Tag Archives: watercolour

Clothesline Sale Demo

 

Rex Beanland, Barley Mill watercolour, 15 x 20

Barley Mill
watercolour, 15 x 20

 

Rex Beanland, Clothesline Sale Demo

Clothesline Sale Demo

 

 

 

 

 

 

 

 

 

 

 

 

 

 

Rex Beanland, Clothesline Sale

Artists painting on the hill.

 

 

 

 

 

 

Rex Beanland, Painting In The Foothills

Painting In The Foothills

 

 

 

 

 

 

 

 

 

 

 

 

I did a demonstration at the Leighton Centre on Saturday June 1 for their annual Clothesline Sale.  It is always a very  enjoyable event.  Lots of people, lots going on, and  a chance to catch up with friends and fellow artists.  After the rain yesterday, today was beautiful.  Sunny all day. Unfortunately, as you can see I forgot to take a hat and I don’t do well in the full sun so I’m paying for it tonight.  But it was a great day.  I enjoyed the day  and I’m very pleased with the painting.  It’s of the Barley Mill at Eau Claire.

As I heard someone say recently, the real subject of a painting like this is not the objects, the people etc but it’s the light and this painting I think has a very strong sense of that wonderful yellow light.

I also enjoyed  having nearly all the figures work as lights against a darker background.  Lately I had fallen into a bit of a trap of always trying to make the figures very dark.  However when you have a dark figure against a dark background there is no contrast and it’s boring or muddy.  So I like the fact that the figures are all lighter than the background.  The lightness of the figures in this painting was achieved by mixing in a little white gouache with cobalt or ultramarine blue.

The Day The Twins Came To Visit

 

Rex Beanland, The Day The Twins Came To Visit, watercolour, 14 x 7

The Day The Twins Came To Visit
watercolour, 14 x 7

 

Rex Beanland, Behind Lougheed House

 

 

 

 

 

 

 

 

 

 

 

 

 

 

 

 

 

 

 

 

 

 

 

 

I’ve always been a big proponent of the benefits of playing with paint.  It’s often surprising how much you can learn from it.  This painting is an example.

I’ve always found this building very interesting.  It is right beside the Lougheed House.  The other day I wanted to do a little painting but wasn’t interested in doing a detailed drawing and all the other ‘stuff’ that goes into a formal painting.  I had a long and narrow piece of paper at hand and just for fun I thought I would try to paint this house.  Because I had to fit the house into this unusual format I couldn’t worry about being accurate and I painted that way.  With very little pre-thought  I just began throwing paint around.  It was half an hour of pure fun.  When doing something like this there is absolutely no pressure.  It’s all about just playing.  I was just reacting to what the paint was doing on the paper.  Also because I didn’t really care if it worked out or not as soon as I got an idea I just did it.  For example the house, because it was a very light value and there weren’t a lot of shadows didn’t really stand out as much as I wanted so I thought ‘let’s see what it looks like if I exaggerate the darks on both sides’.  From the photo you can see that there was actually a very dark house beside it which helped.

That feeling of being in the moment and not worrying at all whether it would be successful freed me up to just have fun.  From all this playing I realized how much I want to have the same feeling of fun in my ‘serious’ painting.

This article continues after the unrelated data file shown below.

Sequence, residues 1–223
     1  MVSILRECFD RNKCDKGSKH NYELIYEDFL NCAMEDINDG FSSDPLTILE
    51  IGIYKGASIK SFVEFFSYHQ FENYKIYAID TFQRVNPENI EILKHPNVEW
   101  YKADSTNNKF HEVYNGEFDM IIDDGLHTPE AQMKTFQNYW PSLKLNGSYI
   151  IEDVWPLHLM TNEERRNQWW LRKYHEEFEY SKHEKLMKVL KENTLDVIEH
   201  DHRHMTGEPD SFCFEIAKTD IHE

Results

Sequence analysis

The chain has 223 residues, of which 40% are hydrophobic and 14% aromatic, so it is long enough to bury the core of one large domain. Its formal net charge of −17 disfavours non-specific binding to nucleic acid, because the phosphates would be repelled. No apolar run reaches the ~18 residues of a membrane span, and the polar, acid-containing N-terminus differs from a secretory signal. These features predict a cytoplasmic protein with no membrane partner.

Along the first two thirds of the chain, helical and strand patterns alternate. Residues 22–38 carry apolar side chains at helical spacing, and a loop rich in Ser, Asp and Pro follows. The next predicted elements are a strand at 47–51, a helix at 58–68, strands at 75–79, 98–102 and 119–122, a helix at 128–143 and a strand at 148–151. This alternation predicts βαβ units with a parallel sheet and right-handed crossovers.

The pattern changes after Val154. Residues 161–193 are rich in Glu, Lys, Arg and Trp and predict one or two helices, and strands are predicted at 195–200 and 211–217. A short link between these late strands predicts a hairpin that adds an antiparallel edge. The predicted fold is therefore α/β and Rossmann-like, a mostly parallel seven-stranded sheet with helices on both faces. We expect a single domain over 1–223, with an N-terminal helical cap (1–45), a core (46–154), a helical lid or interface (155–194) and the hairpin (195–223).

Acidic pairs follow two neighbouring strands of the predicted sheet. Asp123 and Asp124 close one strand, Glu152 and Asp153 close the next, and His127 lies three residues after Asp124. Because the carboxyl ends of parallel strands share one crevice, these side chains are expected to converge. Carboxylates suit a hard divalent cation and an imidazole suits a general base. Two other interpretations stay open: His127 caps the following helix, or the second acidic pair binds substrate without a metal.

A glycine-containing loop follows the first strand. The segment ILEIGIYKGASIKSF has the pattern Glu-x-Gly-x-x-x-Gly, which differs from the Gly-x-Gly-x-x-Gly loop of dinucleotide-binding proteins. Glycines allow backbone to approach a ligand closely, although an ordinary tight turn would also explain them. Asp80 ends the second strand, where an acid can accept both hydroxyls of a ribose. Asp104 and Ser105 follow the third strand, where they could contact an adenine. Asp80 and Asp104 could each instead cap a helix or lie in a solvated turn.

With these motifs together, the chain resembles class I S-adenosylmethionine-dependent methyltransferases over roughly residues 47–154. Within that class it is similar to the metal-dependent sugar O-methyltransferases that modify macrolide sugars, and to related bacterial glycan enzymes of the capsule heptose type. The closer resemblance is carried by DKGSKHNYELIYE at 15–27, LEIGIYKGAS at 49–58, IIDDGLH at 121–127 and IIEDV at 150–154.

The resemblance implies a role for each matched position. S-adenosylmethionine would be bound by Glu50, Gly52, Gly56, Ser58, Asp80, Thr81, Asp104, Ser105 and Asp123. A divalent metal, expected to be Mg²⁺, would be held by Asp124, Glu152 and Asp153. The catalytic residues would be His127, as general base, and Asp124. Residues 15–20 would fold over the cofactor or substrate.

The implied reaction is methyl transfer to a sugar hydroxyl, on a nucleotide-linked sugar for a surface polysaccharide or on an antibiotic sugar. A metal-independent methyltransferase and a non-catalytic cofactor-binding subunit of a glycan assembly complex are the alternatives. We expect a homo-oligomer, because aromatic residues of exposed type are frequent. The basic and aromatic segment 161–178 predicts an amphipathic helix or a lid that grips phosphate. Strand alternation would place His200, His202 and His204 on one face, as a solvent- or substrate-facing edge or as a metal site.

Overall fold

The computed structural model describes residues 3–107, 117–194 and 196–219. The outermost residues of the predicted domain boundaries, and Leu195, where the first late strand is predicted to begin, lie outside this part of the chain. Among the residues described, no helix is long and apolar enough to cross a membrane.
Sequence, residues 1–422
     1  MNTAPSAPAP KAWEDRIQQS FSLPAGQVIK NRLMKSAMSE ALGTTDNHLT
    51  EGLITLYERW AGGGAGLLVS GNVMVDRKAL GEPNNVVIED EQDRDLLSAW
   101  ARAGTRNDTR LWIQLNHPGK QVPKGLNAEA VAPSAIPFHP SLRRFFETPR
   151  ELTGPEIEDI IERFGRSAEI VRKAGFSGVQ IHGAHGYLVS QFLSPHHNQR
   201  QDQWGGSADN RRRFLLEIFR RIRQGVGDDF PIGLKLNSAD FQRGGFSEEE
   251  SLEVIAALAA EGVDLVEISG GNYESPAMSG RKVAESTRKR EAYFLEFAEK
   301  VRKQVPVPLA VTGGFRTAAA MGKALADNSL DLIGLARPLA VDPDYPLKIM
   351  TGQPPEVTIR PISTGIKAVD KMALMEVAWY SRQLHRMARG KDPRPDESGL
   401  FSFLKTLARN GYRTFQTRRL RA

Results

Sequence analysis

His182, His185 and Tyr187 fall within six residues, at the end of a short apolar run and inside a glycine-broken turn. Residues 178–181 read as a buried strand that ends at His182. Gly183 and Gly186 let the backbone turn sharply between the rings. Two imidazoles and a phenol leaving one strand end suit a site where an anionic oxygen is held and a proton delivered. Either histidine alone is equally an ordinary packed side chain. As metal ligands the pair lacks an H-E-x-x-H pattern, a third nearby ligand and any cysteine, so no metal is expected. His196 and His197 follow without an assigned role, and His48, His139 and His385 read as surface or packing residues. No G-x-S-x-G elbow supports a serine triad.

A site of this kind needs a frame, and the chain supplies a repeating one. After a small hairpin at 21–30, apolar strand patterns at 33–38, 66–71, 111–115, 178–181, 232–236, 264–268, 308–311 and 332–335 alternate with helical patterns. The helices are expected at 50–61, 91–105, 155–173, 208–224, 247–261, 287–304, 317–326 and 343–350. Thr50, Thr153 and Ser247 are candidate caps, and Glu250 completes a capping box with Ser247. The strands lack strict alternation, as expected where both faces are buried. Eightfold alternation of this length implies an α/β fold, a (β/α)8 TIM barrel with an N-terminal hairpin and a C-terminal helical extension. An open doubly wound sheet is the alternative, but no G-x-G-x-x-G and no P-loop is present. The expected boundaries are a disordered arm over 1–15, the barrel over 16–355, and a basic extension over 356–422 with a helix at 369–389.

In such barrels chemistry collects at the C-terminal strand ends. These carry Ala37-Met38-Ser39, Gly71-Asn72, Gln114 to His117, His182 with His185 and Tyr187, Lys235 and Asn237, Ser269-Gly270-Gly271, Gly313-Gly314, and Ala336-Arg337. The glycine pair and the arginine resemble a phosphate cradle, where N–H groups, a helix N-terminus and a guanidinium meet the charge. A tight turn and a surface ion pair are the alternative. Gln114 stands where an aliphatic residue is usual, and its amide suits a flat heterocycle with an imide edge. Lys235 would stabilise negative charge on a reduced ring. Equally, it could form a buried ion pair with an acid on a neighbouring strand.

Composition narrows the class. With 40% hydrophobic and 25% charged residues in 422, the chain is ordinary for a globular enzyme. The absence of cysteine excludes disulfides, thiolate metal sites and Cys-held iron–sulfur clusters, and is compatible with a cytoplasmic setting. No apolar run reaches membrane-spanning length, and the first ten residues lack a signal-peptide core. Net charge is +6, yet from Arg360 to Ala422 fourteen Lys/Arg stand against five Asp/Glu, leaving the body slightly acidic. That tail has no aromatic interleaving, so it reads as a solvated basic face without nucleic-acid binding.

The title came from the 2 figures on the left.  I put my usual blob of orange for the faces but the background was wet so the paint spread out and it began to look like a couple of wild afro-type hair styles.  So those 2 blobs evolved into the twins.

 

I think the spontaneity of the process shows in the final painting.

On Location In Calgary

I have been doing many on-location studies of  scenes in Calgary over the winter and spring.  It has been a wonderful learning experience.  The main lessons I have learned from this process are:

  1. Before I begin painting I need to plan the entire painting process including getting the composition, the colour family, value pattern and what story do I want to tell.
  2. Using a viewfinder really helps to simplify the composition.  So much needs to be left out.  Simplify, simplify, simplify.
  3. Choose an overall colour scheme before I start don’t try to recreate the actual colours.
  4. Decide on the value pattern that helps tell the story.
  5. Decide on what story I want to tell.
  6. Even though this takes a bit of time, the painting always goes more quickly and effectively if I do all of this.

This process is all very new for me.  I normally  just do a quick sketch and then start throwing paint.

The interesting thing about all these paintings is that the actual scene in each case (with the possible exception of the Dog Park and Tivoli) is not particularly attractive and each one except the dog walk was done on an overcast day.   Also the figures were all from my imagination.

 

Car Arches Detail

 

Rex Beanland, Car Arches Detail, watercolour

 

 

 

 

 

 

 

I posted a painting  a few days ago.  It’s a copy of a Joseph Zbukvic painting.  This particular image is a cropped section of the original painting showing just the centre of interest.  It’s just one of those happy accidents that the pattern of lights and darks in this image is so effective and attractive.  This section alone makes a lovely and successful composition.

Forest Fantasy 2

Rex Beanland, Forest Fantasy, watercolour, 9 X 12

 

 

 

 

 

 

This is definitely a one off.  Again it was an old pencil value sketch that I did a few years ago.  I was just in the mood to try something different so I thought I would try to turn that value sketch into a colour study.

I like the opaque marks of cad red light and cad orange.

 

Forest Fantasy 2
watercolour
9 X 12